Hepburn Act

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The Hepburn Act is a 1906 United States federal law that gave the Interstate Commerce Commission (ICC) the power to set maximum railroad rates and extend its jurisdiction. This led to the discontinuation of free passes to loyal shippers.[1] In addition, the ICC could view the railroads' financial records, a task simplified by standardized bookkeeping systems. For any railroad that resisted, the ICC's conditions would remain in effect until the outcome of legislation said otherwise. By the Hepburn Act, the ICC's authority was extended to cover bridges, terminals, ferries, railroad sleeping cars, express companies and oil pipelines.

The Hepburn Act was named for its sponsor, eleven-term Republican congressman William Peters Hepburn. The final version was close to what President Theodore Roosevelt had asked for, and it easily passed Congress, with only three dissenting votes.[2] The Act, along with the Elkins Act of 1903, was a component of one of Roosevelt's major policy goals: railroad regulation.

The most important provision of the law gave the ICC the power to replace existing rates with "just-and-reasonable" maximum rates, and authorized the Commission to define what was just and reasonable. The Act made ICC orders binding; that is, the railroads had to either obey or contest the ICC orders in federal court. To speed the rate-setting process, the Act specified that appeals from rulings of the district courts would go directly to the U.S. Supreme Court.

Anti-rebate provisions were toughened, free passes were outlawed, and the penalties for violation were increased. The ICC staff grew from 104 in 1890 to 178 in 1905, 330 in 1907, and 527 in 1909. Finally, the ICC gained the power to prescribe a uniform system of accounting, require standardized reports, and inspect railroad accounts.[3]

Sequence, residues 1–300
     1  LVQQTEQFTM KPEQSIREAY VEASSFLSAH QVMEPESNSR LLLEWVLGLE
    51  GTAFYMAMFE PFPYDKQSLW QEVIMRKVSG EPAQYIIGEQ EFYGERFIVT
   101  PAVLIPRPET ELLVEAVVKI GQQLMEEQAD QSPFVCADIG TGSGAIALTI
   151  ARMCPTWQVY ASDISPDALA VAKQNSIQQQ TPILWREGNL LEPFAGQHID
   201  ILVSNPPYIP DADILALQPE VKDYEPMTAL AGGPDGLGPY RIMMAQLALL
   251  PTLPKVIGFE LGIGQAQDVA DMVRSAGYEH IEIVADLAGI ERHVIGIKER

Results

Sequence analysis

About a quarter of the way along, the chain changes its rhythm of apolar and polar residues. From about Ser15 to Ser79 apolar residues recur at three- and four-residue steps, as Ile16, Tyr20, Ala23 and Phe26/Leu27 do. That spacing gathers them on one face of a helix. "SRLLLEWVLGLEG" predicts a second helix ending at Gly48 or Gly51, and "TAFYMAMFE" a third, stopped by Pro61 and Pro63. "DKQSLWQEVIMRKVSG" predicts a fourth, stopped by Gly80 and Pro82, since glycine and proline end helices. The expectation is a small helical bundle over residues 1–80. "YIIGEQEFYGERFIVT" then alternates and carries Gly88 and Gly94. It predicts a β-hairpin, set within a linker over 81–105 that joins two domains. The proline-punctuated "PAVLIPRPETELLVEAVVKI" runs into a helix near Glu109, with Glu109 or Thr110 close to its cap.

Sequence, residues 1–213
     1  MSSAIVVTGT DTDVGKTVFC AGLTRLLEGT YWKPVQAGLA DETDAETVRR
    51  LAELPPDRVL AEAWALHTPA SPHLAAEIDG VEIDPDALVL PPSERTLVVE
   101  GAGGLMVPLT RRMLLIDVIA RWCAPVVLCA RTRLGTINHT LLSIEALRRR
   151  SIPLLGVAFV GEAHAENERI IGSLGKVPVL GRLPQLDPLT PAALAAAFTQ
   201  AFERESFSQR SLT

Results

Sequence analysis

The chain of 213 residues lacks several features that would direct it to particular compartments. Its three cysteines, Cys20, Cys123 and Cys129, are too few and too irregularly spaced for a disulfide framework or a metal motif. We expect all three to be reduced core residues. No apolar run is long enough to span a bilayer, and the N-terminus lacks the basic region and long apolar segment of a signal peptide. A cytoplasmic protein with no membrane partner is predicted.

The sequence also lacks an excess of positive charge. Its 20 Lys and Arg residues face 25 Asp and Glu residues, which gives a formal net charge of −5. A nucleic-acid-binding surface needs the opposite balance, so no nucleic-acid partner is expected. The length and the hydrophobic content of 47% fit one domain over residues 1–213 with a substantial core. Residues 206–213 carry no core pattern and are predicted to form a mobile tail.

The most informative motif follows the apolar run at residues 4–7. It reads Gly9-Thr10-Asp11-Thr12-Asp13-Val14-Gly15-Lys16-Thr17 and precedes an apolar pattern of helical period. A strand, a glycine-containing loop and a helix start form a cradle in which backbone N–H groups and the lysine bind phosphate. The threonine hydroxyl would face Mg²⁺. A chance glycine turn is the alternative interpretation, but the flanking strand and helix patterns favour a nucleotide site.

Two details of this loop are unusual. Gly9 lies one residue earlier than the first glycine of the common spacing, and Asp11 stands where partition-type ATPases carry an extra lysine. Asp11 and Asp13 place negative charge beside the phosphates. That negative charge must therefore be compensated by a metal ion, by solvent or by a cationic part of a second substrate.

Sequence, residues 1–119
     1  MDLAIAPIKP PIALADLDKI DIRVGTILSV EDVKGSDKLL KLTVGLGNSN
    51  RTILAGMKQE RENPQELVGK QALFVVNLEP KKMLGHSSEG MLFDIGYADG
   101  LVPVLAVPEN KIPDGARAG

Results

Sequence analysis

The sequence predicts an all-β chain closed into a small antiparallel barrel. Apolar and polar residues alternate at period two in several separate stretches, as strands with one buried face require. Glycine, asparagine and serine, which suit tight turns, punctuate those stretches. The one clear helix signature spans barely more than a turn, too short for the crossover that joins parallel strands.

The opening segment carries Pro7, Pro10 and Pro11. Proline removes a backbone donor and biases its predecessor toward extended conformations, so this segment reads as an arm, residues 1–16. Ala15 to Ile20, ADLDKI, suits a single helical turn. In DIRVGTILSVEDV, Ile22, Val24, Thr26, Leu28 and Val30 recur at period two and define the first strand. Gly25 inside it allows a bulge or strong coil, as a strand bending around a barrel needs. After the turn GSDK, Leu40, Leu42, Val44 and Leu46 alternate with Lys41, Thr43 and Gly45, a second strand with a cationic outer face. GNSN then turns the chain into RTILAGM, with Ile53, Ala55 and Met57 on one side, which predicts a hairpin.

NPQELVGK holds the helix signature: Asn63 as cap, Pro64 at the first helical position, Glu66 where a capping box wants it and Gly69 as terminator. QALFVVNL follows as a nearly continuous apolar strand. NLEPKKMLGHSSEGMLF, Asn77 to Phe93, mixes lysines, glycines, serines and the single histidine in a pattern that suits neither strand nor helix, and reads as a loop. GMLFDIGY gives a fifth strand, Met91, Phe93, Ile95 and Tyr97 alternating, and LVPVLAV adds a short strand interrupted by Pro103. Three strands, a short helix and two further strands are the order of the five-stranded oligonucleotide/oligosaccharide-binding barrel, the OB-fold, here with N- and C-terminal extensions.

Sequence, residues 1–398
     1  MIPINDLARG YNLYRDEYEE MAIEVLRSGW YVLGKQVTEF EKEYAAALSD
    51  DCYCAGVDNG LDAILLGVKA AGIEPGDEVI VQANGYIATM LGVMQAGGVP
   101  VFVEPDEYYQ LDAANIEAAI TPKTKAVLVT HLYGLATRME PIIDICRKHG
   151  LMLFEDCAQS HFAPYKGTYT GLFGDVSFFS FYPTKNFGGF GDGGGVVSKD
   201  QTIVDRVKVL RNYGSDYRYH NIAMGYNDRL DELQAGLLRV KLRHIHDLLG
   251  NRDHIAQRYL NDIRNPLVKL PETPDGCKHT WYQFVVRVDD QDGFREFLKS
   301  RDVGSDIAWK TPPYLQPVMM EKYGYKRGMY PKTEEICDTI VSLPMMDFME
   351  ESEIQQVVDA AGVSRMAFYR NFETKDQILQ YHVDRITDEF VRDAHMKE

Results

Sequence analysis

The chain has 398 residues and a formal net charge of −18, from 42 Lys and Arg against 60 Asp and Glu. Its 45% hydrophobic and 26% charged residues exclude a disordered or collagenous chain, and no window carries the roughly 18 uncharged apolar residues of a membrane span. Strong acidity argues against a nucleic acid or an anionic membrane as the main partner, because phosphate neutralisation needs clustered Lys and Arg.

The limitation on railroad rates depreciated the value of railroad securities, a factor in causing the Panic of 1907.[4]

Scholars consider the Hepburn Act the most important piece of legislation affecting railroads in the first half of the 20th century. Economists and historians debate whether it crippled the railroads, giving so much advantage to the shippers that a giant unregulated trucking industry—undreamed of in 1906—eventually took away their business.[5]

See also[edit]

References[edit]

  1. ^ United States. Hepburn Act, 59th Congress, Sess. 1, ch. 3591, 34 Stat. 584, enacted 1906-06-29.
  2. ^ Morris, Edmund (2002). Theodore Rex. Modern Library. p. 446. ISBN 978-0-8129-6600-8. 
  3. ^ Stone, Richard D. (1991). The Interstate Commerce Commission and the Railroad Industry: A History of Regulatory Policy. Praeger. p. 12. ISBN 978-0-275-93941-0. 
  4. ^ Edwards, Adolph (1907). The Roosevelt Panic of 1907. New York: Anitrock. p. 66. 
  5. ^ Martin, Albro (1971). Enterprise Denied: Origins of the Decline of American Railroads, 1897-1917. New York: Columbia University Press. ISBN 978-0-231-03508-8.